Saturday, 28 April 2012

Unequal Shares

Thomas Jefferson, third president of the US, once said, “I believe that banking institutions are more dangerous to our liberties than standing armies. If [we] ever allow private banks to control the issue of their currency, first by inflation, then by deflation, the banks and the corporations that grow up around [the banks] will deprive the people of all property until their children wake up homeless.... The issuing power should be taken from the banks and restored to the people, to whom it properly belongs,”  and if the 8,500 mortgage litigation cases against them are anything to go by, HBOS and Barclays are about to prove Jefferson’s words of warning  are correct.

A recent report warns banking giants Barclays and HBOS may well have to reimburse their customers for charges amounting to hundreds of millions. This is because HBOS’s and Barclays' shared appreciation mortgages, which offer an interest free capital sum in exchange for seventy-five percentage of the borrower’s equity, have harvested vast rewards for the bank at wholly excessive expense to the mortgagees. Some homes have appreciated by £300,000 in the 10 years since the loans were made meaning homeowners have had to pay more than £200,000 on loans as little as £25,000. These products were designed and targeted at low income customers who were quite often elderly and have proved doubly lucrative for the lenders because properties values were in the doldrums when many of these products were sold. This gave the banks the perfect window of opportunity to acquire a  substantial slice of an often vulnerable individual’s future equity for a minimal outlay throughout the depressed years of property growth during the 1990’s.

Hilary Messer of RWP solicitors is waiting for more people to come forward before she brings this proposed class action formally to the attention of HBOS, Barclays and the courts but it cannot have made it any easier for those Barclays shareholders aware of this pending lawsuit to know there could be a demand for a further 850 million pounds on top of the ongoing costs of the PPI claims and the impact of the government bailouts. Neither can it help to be made aware that less than half of Barclay’s chief executive Bob Diamond’s pay packet is to be growth related. Little wonder so many shareholders were vocal in their discontent to discover Bob Diamond is to enjoy a 2.7 million bonus on top of his 1.35 million salary in addition to the 5.7 million he has already received to cover his tax bill. However, it must have been nothing short of incendiary to find Barclays staff bonuses of 2.25 billion pounds in 2011 were triple the 730 million pounds paid out in dividends to share holders.

While David Cameron says the lack of economic recovery is, “very, very, disappointing” and Ed Milliband blames the present governments “catastrophic”  polices and lack of meaningful banking reform, it is clear from the actions of Barclays and HBOS they remain blissfully detached from the effect the first double dip recession we’ve had since the 1970’s and the impact it is having on the rest of us. Instead their executives continue to feather their own nests and, in the case of the Bank of Scotland, attempt to paper over the cracks with an advert created  by London-based advertising agency RKCR/Y&R and developed “to reassert traditional values”. It tells us, “You never know what is going to be round the corner, or what twists and turns life is going to take.” I beg to differ. I have always found past performance to be a reasonable indicator of what’s on the cards for the future and in the case of HBOS and Barclays it is clearly going to be more of the same. It is because of this my personal battle with LLoyds and HBOS is destined to be a long one as is, I suspect, any hope of economic recovery.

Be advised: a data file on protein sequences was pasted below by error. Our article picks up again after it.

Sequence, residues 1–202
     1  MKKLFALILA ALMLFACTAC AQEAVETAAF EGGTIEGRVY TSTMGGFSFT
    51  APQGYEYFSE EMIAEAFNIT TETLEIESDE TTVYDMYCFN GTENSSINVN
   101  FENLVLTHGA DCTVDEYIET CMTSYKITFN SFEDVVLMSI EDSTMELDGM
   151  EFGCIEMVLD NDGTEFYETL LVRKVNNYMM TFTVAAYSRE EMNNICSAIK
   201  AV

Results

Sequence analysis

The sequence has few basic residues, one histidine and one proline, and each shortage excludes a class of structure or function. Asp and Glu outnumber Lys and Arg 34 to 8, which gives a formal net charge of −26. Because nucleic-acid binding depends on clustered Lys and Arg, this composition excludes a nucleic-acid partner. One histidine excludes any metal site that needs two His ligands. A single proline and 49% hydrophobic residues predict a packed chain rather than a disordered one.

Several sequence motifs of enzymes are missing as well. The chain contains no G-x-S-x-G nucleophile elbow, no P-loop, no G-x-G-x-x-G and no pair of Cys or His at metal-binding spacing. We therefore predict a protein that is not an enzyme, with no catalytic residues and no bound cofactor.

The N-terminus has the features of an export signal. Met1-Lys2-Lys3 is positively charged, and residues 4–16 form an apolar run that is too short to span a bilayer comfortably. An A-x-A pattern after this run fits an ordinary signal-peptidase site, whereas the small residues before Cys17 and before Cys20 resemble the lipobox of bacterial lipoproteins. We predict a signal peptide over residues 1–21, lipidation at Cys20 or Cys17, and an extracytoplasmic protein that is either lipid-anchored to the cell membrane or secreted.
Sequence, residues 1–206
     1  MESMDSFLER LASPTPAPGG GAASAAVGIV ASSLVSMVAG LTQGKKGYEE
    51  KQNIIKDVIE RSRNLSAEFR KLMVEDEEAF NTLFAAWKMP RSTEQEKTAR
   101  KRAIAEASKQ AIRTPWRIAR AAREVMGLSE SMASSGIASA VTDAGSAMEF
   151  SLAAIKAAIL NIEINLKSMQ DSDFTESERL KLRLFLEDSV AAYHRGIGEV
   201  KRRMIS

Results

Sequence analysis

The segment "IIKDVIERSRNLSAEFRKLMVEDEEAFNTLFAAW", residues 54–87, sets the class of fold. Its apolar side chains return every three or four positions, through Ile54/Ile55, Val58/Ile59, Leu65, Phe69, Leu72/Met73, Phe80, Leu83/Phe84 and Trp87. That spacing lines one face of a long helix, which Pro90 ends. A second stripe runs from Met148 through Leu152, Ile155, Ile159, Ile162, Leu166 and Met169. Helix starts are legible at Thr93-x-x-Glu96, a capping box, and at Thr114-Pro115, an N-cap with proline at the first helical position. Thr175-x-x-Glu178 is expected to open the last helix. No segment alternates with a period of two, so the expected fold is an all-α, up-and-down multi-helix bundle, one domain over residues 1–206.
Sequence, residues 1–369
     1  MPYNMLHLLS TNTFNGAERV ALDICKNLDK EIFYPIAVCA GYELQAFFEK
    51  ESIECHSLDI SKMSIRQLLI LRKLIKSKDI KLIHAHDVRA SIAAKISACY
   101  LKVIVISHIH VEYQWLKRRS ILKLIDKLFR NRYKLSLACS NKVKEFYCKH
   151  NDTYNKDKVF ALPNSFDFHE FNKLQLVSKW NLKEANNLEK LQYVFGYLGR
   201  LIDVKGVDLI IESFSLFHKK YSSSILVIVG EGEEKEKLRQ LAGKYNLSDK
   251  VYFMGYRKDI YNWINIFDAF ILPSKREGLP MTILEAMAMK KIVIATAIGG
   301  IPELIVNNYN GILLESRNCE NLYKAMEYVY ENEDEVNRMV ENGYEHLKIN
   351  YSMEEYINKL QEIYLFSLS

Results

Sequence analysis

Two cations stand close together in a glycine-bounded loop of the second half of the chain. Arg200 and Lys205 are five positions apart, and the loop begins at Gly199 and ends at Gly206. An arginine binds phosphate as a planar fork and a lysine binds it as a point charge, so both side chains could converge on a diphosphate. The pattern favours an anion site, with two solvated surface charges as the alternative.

Thomas Jefferson also said, “It is error alone which needs the support of the government while truth can stand by itself” and sadly for us, it seems he’s right again.


  1. Excellent blog, lad. The spivvery and charlatanism in the banking sector knows no bounds. The fact RBS effectively robbed its owns investors (and a few neophytes) of £12bn in April-June 2008, with the FSA continuing the charade that nothing untoward occurred, is another example of the same sort of thing. What appalls me about the RBS heist is that many of the intermediaries (asset management companies) who recklessly piled pensioners' and savers' cash into what was clearly a wholly misleading and possibly fraudulent rights issue, are much more preoccupied with covering their own backs than seeking justice and compensation for the people whose billions they lost.

  2. Great blog post.
    I do wonder if we don't take another slant on what Jefferson wrote? He was arguing against having private banks and particularly private institutions like the Fed that control the printing of money.
    Maybe banking should just become a public service? Abolish private banks. The government need not then have any national debt, as it would be free to print whatever money it required for public services.
    You may think this sounds pretty radical, but worth thinking about. There doesn't appear to be much advantage for having private banks at the moment.
    Pete (the monkey)

  3. I'm no history expert but I believe that Thomas Jefferson said something to the effect of "the people should not fear their Government, the Government should fear the people" With this banking issue coupled with the latest mis selling scandal to small businesses, lets hope Jefferson's quote might apply to banks !

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